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Brookfield Wants to Buy Out Real Estate Arm. It May Have to Raise Its Offer.

An empty Brookfield Place mall in lower Manhattan.

Spencer Platt/Getty Images

Brookfield Asset Management’s $5.9 billion offer to buy out the public shareholders of Brookfield Property Partners for $16.50 per unit appears to undervalue the big global holder of office properties and shopping malls.

The units of Brookfield Property (ticker: BPY), which owns an $88 billion real-estate portfolio, were up 16.6%, to $16.87, on Monday, trading above the Brookfield offering price. This indicates that investors are expecting that Brookfield may have to sweeten its bid to get a deal done. The units now yield about 8%.

It is also possible that the independent directors of Brookfield Property, which will weigh the proposal and solicit an independent valuation of the company’s assets, may reject the deal as inadequate. Brookfield Property has pegged its net asset value at nearly $27 a unit and management has regularly stated that the units are undervalued.

Barron’s wrote favorably on Brookfield Property in 2019, when the units traded around $18.

Brookfield Property is 60% owned by Canada’s Brookfield Asset Management, one of the largest managers of alternative assets in the world. Brookfield Asset Management is seeking to buy the 40% that it doesn’t currently hold.

Brookfield Property owns a diverse portfolio of office buildings and malls, including properties in New York’s Hudson Yards development on the far west side of Manhattan and Canary Wharf in London.

It owns 134 office properties around the world and 122 shopping malls and retail properties in the U.S. Office accounts for 43% of the portfolio, retail 42%, and investments in Brookfield funds is another 15%. The company has considerable debt totaling about $50 billion. Unlike U.S. office REITs, Brookfield’s portfolio is global, with properties in New York, London, Toronto, and Berlin. The retail portfolio includes the Ala Moana mall in Honolulu and the Fashion Show mall in Las Vegas.

Results have been hurt by weakness in the retail portfolio, with funds from operations (FFO) down 53% in the third quarter, to 16 cents a share, and FFO for the first nine months off 34%, to 66 cents a share.

Management, however, has highlighted the recovery potential in the retail portfolio while highlighting the resiliency of the office business. Book value stood at $26.80 a unit at the end of the third quarter.

“Our share price is too low,” Bryan Davis, Brookfield Property’s chief financial officer, said at the company’s investor day in September 2020. “So reflecting on everything that we said today, we believe quality office and retail real estate has a bright future. We also believe we have an irreplaceable portfolio of quality real estate that is managed by one of the most experienced investors and operators in the world. An investment in BPY provides you with just that. And that investment today can be made at a substantial discount to intrinsic value.”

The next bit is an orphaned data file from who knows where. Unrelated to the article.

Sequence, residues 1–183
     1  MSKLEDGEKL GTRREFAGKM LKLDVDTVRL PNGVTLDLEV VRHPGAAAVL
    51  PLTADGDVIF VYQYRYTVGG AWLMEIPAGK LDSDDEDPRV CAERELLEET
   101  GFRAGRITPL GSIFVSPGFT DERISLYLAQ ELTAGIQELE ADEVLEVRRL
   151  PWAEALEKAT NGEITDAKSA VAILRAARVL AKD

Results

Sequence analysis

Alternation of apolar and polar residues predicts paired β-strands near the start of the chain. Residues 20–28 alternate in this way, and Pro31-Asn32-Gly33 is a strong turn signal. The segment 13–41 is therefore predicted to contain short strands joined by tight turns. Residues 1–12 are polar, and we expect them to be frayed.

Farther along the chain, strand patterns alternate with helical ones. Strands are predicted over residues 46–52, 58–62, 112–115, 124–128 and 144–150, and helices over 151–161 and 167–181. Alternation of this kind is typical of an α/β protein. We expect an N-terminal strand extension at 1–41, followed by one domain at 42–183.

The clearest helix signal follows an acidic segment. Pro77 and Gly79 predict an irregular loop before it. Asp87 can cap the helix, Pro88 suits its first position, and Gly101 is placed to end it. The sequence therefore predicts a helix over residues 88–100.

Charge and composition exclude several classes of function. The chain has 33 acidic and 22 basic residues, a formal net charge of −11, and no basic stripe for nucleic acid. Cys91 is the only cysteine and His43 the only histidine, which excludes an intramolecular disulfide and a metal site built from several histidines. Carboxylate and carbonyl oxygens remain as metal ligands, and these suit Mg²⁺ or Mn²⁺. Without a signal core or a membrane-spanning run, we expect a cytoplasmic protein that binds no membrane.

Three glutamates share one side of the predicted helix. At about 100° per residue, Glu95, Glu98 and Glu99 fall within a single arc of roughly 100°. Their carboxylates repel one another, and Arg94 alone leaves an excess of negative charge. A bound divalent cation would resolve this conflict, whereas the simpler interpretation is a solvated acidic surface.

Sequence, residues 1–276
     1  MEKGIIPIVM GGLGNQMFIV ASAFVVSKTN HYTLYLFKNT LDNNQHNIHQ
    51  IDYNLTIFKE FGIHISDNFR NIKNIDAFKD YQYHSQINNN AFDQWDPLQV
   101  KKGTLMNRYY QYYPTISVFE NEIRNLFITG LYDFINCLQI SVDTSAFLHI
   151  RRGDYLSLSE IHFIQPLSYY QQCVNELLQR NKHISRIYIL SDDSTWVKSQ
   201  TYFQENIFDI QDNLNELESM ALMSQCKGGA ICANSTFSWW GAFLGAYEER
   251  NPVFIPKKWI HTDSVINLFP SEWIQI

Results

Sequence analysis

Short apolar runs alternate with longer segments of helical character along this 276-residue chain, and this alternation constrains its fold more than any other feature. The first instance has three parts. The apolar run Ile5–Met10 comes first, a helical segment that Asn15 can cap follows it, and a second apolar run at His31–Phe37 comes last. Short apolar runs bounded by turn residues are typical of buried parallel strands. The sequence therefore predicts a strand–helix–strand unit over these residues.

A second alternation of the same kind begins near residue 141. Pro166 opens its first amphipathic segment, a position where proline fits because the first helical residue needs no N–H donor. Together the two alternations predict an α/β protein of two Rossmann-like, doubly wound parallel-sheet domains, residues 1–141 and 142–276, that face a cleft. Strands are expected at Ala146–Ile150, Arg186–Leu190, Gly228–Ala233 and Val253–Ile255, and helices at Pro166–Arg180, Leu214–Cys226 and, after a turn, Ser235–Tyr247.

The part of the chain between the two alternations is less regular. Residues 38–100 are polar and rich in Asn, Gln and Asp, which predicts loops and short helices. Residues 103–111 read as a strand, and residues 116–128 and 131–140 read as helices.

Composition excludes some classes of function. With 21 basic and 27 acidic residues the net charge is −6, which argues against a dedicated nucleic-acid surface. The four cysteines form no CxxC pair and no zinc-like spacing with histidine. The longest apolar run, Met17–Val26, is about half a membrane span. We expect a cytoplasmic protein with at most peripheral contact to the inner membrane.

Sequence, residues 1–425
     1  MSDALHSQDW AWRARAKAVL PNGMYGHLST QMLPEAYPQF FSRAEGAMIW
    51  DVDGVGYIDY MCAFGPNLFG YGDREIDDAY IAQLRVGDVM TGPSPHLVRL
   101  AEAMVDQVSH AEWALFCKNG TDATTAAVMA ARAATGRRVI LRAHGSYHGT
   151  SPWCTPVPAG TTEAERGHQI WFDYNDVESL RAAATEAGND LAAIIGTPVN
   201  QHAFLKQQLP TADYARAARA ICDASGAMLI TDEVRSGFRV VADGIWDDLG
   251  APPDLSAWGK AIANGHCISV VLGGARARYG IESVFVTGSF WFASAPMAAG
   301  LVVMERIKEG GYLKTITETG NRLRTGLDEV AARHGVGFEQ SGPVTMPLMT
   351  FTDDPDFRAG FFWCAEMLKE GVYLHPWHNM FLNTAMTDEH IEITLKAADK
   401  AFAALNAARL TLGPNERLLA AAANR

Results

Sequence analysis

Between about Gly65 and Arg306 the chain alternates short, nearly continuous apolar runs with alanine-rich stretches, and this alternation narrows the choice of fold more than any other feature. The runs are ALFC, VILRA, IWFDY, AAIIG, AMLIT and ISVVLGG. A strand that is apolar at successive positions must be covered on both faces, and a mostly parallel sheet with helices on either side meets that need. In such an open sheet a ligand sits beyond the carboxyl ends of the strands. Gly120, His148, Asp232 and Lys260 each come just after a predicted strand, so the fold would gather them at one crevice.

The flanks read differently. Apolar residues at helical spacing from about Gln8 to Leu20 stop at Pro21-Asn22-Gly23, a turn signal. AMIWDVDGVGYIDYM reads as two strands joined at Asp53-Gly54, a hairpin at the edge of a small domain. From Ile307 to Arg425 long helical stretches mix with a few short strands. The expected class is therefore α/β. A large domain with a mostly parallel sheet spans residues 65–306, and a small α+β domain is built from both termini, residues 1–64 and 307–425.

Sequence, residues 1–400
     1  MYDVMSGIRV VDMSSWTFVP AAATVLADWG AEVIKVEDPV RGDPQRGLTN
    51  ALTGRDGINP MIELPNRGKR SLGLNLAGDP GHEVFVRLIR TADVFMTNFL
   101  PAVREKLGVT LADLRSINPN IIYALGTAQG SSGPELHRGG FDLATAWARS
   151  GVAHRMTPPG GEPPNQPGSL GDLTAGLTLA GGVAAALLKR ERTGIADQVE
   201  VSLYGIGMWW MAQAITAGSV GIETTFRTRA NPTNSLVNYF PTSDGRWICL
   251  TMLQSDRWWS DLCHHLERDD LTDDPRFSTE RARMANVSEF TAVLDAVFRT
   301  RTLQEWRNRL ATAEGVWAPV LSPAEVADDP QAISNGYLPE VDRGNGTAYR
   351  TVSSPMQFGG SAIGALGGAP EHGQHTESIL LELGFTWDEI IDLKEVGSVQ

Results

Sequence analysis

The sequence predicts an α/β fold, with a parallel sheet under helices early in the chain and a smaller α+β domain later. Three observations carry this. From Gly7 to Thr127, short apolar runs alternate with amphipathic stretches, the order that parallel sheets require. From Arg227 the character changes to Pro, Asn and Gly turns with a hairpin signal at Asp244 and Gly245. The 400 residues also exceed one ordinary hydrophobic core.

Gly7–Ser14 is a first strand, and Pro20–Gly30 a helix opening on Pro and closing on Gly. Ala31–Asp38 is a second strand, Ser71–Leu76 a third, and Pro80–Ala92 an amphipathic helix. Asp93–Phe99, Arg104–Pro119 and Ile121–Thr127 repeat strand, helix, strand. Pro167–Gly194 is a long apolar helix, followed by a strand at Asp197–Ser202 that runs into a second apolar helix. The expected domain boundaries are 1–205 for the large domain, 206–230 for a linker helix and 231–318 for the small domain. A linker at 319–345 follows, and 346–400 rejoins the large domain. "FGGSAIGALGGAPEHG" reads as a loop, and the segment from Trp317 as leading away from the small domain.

The company noted at the time that the average analyst net asset value calculation was $19.50 a unit. The shares traded around $11 then.

At the market low in April, the units traded as low as $7. The company has been out of favor with investors because of its exposure to malls, one of the most disliked real-estate asset classes, and office buildings, another out-of-favor sector. Brookfield Asset Management was a buyer of Brookfield Property units during 2020.

Brookfield Asset Management is offering holders of Brookfield Property a choice of cash, Brookfield Asset Management class A shares, and preferred stock subject to proration based on investor interest.

“The offer presents an excellent opportunity for BPY unit holders to either monetize their units in cash at a premium to recent trading prices, continue to invest with us in the upside of the portfolio via Brookfield shares, or select BPY preferred units designed for income-oriented investors who would like to maintain similar dividend income which they receive from BPY today in a preferred instrument, based on what is best for them,” Nick Goodman, CFO of Brookfield Asset Management said in a statement.

“The privatization will allow us to have greater flexibility in operating the portfolio and realizing the intrinsic value of BPY’s high-quality assets,” he added.

Brookfield Asset Management declined to comment beyond its statement, but the company may argue that its offer is fair considering the premium, the depressed price of U.S. mall and office REITs, and the persistent discount that Brookfield Property has traded to its NAV in recent years.

Brookfield Property holders may argue that rather than realize the intrinsic value of the company’s properties for Brookfield Asset Management holders that the value should be realized for them.

The buyout of the public holders would mark a disappointing end for those who bought the units when Brookfield Property was spun off in 2013 and traded around $22 a unit.

Brookfield Asset Management said a similar consideration of $16.50 per share will be paid to holders of Brookfield Property REIT (BPYU), which is structured as a real-estate investment trust. The REIT units traded Monday at $16.82, up 12.6%. Brookfield Property REIT is a subsidiary of Brookfield Property and offers investors economic equivalence to BPY units in the form of a U.S. REIT security.

Write to Andrew Bary at [email protected]

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